Baltic Olympiad in Informatics 2018 Open - practice session


2018-04-27 17:30 CEST

Baltic Olympiad in Informatics 2018 Open - practice session


2018-04-27 19:30 CEST
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Problem C

You and your friend are playing a game which you call Ninety-nine. You start, by saying either the number $1$ or $2$. You then take turns, starting with your friend, increasing this number by either $1$ or $2$ in each step. The first player who gets to say the number $99$ wins!

Write a program which plays this game for you and wins.


This problem is interactive.

Your program should start by printing either the number $1$ or $2$ on a single line. The grader will then read this number (call it $x$), and in return print a line with either $x+1$ or $x+2$, which can be read by your program. Your program should then print a number which is $1$ or $2$ higher, and so on.

If you manage to win the game and print $99$, your program should then exit normally (with status code 0). On the other hand, if your program reads $99$, it should also exit normally; the test group will then get the verdict Wrong Answer. Printing an invalid value (including numbers larger than $99$) will also result in Wrong Answer, assuming your program exits afterwards. If your program does not exit as it should, its verdict may be either Wrong Answer, Runtime Error or Time Limit Exceeded, depending on exact circumstances.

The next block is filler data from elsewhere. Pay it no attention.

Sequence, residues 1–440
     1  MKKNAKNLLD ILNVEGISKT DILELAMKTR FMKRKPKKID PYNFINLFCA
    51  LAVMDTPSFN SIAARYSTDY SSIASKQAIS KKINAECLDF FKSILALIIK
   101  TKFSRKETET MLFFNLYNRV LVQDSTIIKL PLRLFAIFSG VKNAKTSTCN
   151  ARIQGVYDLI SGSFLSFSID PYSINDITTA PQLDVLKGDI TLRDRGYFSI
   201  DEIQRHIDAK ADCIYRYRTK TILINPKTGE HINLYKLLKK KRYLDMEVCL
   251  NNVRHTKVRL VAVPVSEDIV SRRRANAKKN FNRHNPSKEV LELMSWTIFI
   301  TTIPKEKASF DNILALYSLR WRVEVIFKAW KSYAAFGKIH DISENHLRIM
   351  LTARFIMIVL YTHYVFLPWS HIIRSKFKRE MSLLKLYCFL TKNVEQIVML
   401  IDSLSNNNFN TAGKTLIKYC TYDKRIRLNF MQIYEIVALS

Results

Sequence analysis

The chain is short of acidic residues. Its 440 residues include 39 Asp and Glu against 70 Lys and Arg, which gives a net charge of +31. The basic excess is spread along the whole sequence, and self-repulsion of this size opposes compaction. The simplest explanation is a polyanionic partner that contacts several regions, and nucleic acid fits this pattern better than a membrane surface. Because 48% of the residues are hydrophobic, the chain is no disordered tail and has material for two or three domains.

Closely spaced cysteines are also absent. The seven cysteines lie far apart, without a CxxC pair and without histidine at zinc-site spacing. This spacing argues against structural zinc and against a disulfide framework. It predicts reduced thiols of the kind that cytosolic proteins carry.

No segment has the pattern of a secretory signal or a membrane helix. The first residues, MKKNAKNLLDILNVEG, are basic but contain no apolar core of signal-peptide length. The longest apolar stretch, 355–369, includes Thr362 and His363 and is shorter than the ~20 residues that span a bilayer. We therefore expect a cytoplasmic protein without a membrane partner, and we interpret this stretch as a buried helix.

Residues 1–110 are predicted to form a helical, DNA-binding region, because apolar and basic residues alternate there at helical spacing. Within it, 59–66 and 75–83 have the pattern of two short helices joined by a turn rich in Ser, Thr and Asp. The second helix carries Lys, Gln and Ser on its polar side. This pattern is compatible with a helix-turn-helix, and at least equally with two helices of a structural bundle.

You must make sure to flush standard output before reading the grader’s response, or else your program will get judged as Time Limit Exceeded. This works as follows in the supported languages:

  • Java: System.out.println() flushes automatically.

  • Python: print() flushes automatically.

  • C++: cout << endl; flushes, in addition to writing a newline. If using printf, fflush(stdout).

  • Pascal: Flush(Output).


Your solution will be tested on a set of test groups, each worth a number of points. Each test group contains a set of test cases. To get the points for a test group you need to solve all test cases in the test group.






Your friend always increases the number by 1.



Your friend always increases the number by 2 (unless at 98).



Your friend plays randomly, with each option having 50% probability (unless at 98).